Schizotypal Personality Disorder and Addiction
Medically Verified: 2/1/24
All of the information on this page has been reviewed and verified by a certified addiction professional.
People who suffer from personality disorders are at a heightened risk of substance abuse and addiction due to the symptoms they experience and the social stigmas they face. One lesser-known personality disorder that can increase the risk of addiction is schizotypal personality disorder.
What is Schizotypal Personality Disorder?
Schizotypal personality disorder is a personality disorder that is characterized by unusual thinking patterns and behaviors. People with this condition may seem odd or peculiar to others, but the person may not realize that their behaviors are abnormal. Friends and loved ones often describe people with this personality disorder as “eccentric” or “strange.” It is thought to affect between 3-5% of the population.
Although the name may sound similar, a schizotypal personality disorder is not the same thing as schizophrenia. People with schizotypal personality disorder may have odd beliefs and superstitions, but they typically do not have hallucinations or delusions like people with schizophrenia do. Instead, they have a hard time forming close relationships and maintaining them due to a distorted perception of social interactions and odd social behavior.
There are many risk factors that increase the likelihood of developing a personality disorder including:
- Childhood trauma
- Emotional regulation
- Reactions to life events
- Coping skills
People who have relatives who suffer from schizophrenia or personality disorders may be more likely to have schizotypal personality disorder.
Signs and Symptoms
Like other mental health conditions and personality disorders, this condition is diagnosed based on symptoms. There is no lab or diagnostic test to confirm the disorder.
Signs and symptoms include:
- Having limited emotional responses or seeming “flat”
- Being stiff or awkward when trying to relate to others
- Coming across as cold, aloof, or emotionally distant
- Being preoccupied with fantasies or daydreams
- Struggling with intimacy
- Dressing, speaking, and acting in odd or unusual ways
- Having few friends
- Having strange beliefs or magical thinking, such as thinking one has certain powers
- Being suspicious or paranoid of others
- Feeling anxious or uncomfortable in social situations
- Experiencing social anxiety that doesn’t subside with familiarity
Coping with personality disorders can be extremely difficult. For example, people with schizotypal personality disorder often have poor social skills and few fulfilling relationships. This loneliness can result in depression and anxiety as well as unhealthy coping skills, such as drug and alcohol abuse.
The Relationship Between Schizotypal Personality Disorder and Addiction
People who suffer from schizotypal personality disorder are more likely to engage in substance abuse than the general population. They may abuse alcohol to cope with anxiety and relax in social situations or they may use drugs to cope with feelings of depression and alienation.
Schizotypal personality disorder is often related to increased rates of alcohol, marijuana, and nicotine use.
Using drugs or alcohol to cope with mental health symptoms can be extremely risky and often leads to addiction. Studies show that up to 46-56% of patients being treated for addiction also have a personality disorder. Overall, an estimated 22-47% of people with personality disorders experience a substance use disorder at some point in their lives.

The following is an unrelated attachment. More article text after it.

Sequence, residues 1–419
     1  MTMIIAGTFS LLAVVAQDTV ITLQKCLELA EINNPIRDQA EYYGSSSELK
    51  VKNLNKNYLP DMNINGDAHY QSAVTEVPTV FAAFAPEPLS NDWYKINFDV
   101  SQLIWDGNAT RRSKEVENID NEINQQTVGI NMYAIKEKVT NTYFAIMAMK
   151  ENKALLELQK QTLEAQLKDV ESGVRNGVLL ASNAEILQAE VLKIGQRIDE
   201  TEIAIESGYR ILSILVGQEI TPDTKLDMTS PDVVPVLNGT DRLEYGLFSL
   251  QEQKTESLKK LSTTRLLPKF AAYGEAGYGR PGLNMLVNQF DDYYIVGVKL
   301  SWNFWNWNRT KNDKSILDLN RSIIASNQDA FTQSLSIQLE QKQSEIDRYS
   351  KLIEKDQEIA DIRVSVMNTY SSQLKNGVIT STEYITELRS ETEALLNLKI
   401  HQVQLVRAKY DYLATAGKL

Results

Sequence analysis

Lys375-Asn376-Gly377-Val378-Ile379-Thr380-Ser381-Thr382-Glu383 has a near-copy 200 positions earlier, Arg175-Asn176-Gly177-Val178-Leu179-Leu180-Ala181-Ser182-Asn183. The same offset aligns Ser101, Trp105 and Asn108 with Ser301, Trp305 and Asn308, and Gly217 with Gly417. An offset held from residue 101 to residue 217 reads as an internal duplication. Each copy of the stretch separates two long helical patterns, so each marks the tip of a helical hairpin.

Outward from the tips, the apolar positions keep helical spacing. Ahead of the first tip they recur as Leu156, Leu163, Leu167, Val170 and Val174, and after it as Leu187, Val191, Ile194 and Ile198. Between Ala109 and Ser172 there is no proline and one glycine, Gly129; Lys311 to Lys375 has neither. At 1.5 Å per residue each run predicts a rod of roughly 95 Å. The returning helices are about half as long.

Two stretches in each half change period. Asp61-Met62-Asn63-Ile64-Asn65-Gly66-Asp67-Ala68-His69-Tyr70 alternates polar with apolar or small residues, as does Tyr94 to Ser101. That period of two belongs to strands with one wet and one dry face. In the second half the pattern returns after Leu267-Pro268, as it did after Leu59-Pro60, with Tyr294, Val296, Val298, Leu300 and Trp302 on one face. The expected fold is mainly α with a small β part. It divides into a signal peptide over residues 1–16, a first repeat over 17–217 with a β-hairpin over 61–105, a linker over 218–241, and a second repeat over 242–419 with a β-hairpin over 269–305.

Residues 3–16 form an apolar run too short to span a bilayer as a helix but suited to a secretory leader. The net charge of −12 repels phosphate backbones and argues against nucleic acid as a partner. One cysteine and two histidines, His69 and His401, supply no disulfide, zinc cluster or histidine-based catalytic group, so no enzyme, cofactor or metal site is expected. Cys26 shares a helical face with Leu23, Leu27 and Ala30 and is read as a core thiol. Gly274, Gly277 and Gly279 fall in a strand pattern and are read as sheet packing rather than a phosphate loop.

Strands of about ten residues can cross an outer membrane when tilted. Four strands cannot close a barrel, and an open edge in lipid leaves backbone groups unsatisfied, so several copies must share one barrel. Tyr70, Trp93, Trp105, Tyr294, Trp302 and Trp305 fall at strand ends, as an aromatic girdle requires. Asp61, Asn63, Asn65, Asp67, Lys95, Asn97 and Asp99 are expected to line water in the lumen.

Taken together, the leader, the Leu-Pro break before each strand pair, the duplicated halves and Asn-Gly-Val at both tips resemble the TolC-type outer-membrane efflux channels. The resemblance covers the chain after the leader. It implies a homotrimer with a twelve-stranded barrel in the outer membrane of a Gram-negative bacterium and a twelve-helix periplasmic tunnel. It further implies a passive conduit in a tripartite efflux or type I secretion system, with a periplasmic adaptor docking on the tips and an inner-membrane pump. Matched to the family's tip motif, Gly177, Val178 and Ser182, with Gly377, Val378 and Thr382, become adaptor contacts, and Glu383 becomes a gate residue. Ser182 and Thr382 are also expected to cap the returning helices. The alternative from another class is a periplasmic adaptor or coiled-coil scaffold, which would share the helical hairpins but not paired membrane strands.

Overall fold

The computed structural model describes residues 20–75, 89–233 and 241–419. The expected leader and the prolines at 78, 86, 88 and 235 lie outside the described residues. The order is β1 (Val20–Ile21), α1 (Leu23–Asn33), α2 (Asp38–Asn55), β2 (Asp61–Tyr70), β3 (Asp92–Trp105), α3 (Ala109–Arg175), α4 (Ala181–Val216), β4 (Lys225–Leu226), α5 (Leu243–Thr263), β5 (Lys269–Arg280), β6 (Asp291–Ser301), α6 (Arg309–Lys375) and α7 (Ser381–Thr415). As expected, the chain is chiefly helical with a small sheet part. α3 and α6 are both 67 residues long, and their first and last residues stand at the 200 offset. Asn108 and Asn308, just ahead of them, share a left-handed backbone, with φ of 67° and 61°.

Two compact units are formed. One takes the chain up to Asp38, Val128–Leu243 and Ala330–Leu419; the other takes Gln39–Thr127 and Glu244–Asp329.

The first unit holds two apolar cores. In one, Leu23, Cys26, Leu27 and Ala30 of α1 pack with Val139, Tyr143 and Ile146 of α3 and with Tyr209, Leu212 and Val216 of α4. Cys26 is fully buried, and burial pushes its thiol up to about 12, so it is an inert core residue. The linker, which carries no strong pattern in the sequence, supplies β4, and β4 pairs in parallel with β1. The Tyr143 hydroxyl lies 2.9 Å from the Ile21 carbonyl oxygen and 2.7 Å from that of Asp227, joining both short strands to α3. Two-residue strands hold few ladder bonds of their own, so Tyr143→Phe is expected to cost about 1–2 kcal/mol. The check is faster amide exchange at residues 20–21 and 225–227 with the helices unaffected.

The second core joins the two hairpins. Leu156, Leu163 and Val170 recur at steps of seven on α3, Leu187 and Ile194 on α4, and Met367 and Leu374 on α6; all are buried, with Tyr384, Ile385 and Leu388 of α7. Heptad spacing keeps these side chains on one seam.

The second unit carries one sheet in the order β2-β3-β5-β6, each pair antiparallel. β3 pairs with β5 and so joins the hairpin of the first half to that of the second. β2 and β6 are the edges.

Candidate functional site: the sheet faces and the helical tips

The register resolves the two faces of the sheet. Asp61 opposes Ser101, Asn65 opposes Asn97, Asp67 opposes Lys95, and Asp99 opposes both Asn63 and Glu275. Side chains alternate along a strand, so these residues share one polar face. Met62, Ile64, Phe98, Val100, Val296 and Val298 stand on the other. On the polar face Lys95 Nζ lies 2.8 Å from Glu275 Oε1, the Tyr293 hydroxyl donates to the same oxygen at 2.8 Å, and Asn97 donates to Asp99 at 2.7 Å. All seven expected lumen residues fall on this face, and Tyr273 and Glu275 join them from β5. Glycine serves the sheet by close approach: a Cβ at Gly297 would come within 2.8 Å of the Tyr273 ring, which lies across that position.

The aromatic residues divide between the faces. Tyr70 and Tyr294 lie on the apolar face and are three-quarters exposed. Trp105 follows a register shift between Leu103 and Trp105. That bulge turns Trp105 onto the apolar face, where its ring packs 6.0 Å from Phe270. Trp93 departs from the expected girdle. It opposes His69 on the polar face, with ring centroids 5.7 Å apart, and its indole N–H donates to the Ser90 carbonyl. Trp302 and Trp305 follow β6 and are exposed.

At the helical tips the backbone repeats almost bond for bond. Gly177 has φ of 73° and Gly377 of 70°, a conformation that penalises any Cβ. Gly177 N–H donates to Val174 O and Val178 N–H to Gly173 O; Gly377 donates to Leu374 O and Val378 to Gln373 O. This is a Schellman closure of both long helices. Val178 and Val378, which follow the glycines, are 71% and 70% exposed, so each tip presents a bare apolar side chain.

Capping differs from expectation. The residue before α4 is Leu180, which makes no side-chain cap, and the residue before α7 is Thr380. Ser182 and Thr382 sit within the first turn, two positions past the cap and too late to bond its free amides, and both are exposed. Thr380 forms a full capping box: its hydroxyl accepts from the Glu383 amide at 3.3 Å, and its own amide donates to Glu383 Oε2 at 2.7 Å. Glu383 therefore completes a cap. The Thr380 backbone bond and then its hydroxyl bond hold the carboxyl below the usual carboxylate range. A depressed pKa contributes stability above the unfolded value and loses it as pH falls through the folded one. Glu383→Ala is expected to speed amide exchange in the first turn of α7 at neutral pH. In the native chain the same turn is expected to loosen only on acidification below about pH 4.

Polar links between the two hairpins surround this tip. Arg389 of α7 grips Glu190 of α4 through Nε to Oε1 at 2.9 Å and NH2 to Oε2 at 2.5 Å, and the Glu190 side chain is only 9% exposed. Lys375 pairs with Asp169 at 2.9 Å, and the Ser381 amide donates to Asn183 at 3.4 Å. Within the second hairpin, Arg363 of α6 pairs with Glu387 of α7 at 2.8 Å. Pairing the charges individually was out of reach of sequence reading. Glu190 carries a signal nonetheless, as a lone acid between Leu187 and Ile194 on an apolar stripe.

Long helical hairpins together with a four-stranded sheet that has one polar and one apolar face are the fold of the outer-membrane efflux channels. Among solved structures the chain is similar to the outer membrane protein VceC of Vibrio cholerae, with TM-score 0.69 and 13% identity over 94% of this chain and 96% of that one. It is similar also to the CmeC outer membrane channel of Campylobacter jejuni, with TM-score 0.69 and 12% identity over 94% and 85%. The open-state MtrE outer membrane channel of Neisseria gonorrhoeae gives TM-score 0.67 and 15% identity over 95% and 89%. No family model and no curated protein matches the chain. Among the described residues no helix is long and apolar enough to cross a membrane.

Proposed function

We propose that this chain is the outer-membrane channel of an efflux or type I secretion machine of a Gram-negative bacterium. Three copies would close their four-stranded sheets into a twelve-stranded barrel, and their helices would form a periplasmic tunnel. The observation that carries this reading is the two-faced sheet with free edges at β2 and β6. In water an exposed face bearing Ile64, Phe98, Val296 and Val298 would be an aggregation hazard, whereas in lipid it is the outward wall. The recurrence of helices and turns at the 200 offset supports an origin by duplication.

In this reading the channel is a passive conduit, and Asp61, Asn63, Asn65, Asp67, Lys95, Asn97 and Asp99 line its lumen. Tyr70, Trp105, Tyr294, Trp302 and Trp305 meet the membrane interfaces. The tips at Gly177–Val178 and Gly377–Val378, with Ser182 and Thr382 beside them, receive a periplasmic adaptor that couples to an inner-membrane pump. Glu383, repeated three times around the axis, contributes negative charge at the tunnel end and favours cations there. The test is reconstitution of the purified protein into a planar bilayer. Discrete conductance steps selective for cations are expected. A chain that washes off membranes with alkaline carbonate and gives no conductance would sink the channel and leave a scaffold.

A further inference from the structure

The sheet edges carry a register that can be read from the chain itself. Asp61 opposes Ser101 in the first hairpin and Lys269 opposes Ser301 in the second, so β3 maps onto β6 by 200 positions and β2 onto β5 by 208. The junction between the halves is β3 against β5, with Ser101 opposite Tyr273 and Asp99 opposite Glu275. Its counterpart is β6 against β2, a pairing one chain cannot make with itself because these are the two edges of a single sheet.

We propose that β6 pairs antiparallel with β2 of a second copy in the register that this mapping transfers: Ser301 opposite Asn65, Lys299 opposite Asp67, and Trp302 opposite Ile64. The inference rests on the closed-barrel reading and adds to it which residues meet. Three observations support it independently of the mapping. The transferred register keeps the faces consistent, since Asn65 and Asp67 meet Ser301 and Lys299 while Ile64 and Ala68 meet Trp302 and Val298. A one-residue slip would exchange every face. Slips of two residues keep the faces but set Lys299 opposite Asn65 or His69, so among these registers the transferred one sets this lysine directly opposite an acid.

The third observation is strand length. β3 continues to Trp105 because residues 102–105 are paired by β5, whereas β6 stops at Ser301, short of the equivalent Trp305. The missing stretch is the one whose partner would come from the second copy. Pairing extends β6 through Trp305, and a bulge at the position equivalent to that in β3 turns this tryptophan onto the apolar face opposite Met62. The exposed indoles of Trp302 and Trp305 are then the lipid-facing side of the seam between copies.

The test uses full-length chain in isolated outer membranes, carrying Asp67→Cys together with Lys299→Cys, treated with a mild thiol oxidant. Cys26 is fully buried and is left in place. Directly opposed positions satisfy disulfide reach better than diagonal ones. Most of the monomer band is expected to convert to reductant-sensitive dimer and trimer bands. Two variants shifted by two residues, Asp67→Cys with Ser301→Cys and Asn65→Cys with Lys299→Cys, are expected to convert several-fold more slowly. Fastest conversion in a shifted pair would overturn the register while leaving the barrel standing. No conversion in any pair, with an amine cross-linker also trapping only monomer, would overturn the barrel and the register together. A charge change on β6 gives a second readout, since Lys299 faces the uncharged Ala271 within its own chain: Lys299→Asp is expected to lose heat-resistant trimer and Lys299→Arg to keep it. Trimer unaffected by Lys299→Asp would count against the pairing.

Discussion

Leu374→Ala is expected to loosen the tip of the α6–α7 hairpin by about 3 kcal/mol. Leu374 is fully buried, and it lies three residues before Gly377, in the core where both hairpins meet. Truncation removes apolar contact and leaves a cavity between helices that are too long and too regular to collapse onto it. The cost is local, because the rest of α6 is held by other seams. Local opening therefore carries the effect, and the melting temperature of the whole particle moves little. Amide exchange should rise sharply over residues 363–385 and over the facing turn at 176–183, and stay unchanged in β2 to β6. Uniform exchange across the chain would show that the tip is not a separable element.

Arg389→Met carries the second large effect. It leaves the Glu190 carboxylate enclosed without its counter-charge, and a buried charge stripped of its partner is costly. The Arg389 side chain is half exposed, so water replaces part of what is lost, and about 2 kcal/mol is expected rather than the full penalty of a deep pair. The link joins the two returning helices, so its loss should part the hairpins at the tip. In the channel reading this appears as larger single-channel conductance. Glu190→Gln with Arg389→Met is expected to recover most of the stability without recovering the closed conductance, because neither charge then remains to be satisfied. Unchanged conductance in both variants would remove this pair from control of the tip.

Substance abuse and addiction will worsen symptoms of schizotypal personality disorder. They can also complicate the treatment experience because addiction can make a person less likely to show up for their therapy sessions or take their medications. As a result, it is crucial to treat both conditions at the same time.
Dual Diagnosis Treatment for Schizotypal Personality Disorder and Addiction
While there are no medications approved for the treatment of schizotypal personality disorder, it can be treated using many of the same techniques and psychotherapies that are used to treat drug and alcohol addiction.
In addiction treatment, psychotherapy aims to help patients identify and modify negative behaviors in regard to their substance abuse, but for personality disorders, the goal of therapy is to help patients change their relationship styles, coping skills, expectations, thinking habits, and behaviors. Dual diagnosis treatment programs offer integrated care that can help patients recover from both addiction and personality disorders at the same time.
- Cognitive-behavioral therapy
- Supportive therapy
- Supportive-expressive therapy
- Family therapy
- Group therapy
People who are struggling with schizotypal personality disorder and addiction may also have another co-occurring disorder, such as depression or anxiety. These symptoms can be managed using medications like antidepressants or antipsychotics.
Neither addiction nor personality disorders can be cured, but they can be treated and successfully managed with the help of an individually-tailored recovery program.
Find Help Today
At Carolina Center to Recovery, we’re dedicated to empowering everyone who suffers from co-occurring disorders so that they can make increasing progress on their road to recovery. Our individually-tailored therapies are uniquely designed to address the needs of each patient, effectively helping guide them through the recovery process.
Don’t wait any longer to get the care you deserve. Call now to learn more about our dual diagnosis addiction treatment center in North Carolina.